There is a way of teaching philosophy as a way of life that is focused on delivering content. In this paper, I consider a different way. It is focused on giving students the experience of philosophy as a way of life—in particular, the experience of being in love with wisdom. The main question of my paper is what it might be to teach philosophy in a way that prioritizes giving students the chance to fall in love with wisdom. I do (...)
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  47. The Art of Division and the Unity of the Idea: Leibniz as Scholar of Plato.Lucia Oliveri - 2022 - In Einhei und Vielheit metaphysischen Denkens. Festschrift für Thomas Leinkauf (65. Geburtstag). Hamburg: pp. 143-160.
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  48. On the Relation of City and Soul in Plato and Alfarabi.Ishraq Ali & Qin Mingli - 2019 - Journal of Arts and Humanities 8 (2):27-34.
    Abu Nasr Muhammad Alfarabi, the medieval Muslim philosopher and the founder of Islamic Neoplatonism, is best known for his political treatise, Mabadi ara ahl al-madina al- fadhila (Principles of the Opinions of the Inhabitants of the Virtuous City), in which he proposes a theory of utopian virtuous city. Prominent scholars argue for the Platonic nature of Alfarabi’s political philosophy and relate the political treatise to Plato’s Republic. One of the most striking similarities between Alfarabi’s Mabadi ara ahl al-madina al- fadhila (...)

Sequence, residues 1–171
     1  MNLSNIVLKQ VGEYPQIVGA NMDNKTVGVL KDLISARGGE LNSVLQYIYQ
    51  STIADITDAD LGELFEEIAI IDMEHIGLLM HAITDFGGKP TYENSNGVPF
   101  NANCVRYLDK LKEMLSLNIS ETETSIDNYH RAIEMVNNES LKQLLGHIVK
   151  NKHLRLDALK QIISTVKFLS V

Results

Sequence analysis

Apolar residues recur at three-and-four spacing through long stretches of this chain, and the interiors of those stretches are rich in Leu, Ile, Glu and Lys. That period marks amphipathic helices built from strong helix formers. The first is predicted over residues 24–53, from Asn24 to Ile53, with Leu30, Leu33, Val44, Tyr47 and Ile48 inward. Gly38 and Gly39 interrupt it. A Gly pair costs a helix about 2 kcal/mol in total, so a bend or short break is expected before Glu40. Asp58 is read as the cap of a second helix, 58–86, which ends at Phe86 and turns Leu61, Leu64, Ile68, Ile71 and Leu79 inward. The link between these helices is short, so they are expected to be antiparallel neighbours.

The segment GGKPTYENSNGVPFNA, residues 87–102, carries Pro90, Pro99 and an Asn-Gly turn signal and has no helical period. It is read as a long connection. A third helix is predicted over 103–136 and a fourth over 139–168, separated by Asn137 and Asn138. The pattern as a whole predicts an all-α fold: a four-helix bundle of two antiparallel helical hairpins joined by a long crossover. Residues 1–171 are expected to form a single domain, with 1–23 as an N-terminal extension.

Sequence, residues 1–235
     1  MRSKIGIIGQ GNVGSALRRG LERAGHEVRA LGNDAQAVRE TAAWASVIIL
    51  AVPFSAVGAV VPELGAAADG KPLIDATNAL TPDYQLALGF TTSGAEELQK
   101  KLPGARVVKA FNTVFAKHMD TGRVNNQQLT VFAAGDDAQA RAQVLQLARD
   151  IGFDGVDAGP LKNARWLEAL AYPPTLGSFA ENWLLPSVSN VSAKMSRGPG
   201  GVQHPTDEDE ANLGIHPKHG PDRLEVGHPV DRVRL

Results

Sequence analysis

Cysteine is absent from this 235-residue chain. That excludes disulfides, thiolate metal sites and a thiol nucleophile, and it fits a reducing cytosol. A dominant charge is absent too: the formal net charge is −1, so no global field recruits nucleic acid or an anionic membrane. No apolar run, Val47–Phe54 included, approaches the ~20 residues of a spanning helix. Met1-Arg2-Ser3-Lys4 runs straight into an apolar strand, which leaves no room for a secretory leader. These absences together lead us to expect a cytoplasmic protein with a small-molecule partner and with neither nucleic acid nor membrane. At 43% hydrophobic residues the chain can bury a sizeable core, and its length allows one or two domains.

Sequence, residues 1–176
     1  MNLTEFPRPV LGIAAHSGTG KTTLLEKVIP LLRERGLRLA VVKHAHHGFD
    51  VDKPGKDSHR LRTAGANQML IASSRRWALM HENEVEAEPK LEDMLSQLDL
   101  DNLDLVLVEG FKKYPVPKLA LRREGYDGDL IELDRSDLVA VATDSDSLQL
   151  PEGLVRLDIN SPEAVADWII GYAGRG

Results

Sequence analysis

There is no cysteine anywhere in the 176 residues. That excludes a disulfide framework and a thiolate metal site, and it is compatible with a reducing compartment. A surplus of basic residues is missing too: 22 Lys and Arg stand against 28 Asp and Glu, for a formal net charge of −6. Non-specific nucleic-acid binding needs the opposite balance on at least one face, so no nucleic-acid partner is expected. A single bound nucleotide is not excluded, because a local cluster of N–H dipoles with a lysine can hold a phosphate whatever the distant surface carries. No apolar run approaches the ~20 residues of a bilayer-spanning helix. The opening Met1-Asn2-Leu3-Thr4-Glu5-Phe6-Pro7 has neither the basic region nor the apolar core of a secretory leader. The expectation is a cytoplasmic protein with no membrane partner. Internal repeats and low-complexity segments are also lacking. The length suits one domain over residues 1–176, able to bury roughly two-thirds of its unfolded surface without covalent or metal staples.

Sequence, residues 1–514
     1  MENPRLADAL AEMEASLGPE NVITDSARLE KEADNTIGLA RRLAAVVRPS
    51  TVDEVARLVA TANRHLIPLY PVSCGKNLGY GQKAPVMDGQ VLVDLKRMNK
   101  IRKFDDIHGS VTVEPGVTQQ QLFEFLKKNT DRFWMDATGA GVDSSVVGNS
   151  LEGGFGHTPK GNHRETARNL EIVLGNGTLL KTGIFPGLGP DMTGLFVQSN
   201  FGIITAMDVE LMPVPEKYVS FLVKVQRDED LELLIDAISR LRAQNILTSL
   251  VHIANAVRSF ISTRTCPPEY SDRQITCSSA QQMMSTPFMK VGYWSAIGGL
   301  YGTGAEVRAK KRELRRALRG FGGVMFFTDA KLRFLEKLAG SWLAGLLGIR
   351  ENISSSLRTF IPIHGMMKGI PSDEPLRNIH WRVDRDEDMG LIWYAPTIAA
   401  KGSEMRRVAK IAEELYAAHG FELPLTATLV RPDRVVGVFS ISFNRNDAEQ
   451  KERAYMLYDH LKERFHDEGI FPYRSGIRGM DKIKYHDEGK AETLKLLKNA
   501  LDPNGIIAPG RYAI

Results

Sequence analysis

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  49. Donald R. Morrison (Hg.), The Cambridge Companion to Socrates.Rafael Ferber & Matthias Vonarburg - 2013 - Philosophisches Jahrbuch 120 (1):211-213.
    Book review of: Donald R. Morrison (Hg.), The Cambridge Companion to Socrates, Cambridge: Cambridge University Press 2010.
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  50. Plato: The Republic.Sfetcu Nicolae - manuscript
    The Republic was written approximately between 380 and 370 BC. The title Republic is derived from Latin, being attributed to Cicero, who called the book De re publica (About public affairs), or even as De republica, thus creating confusion as to its true meaning. The Republic is considered an integral part of the utopian literary genre. The second title, Peri dikaiou (περὶ δικαίου, On Justice), may have been included later. The central theme of the book is justice, argued with the (...)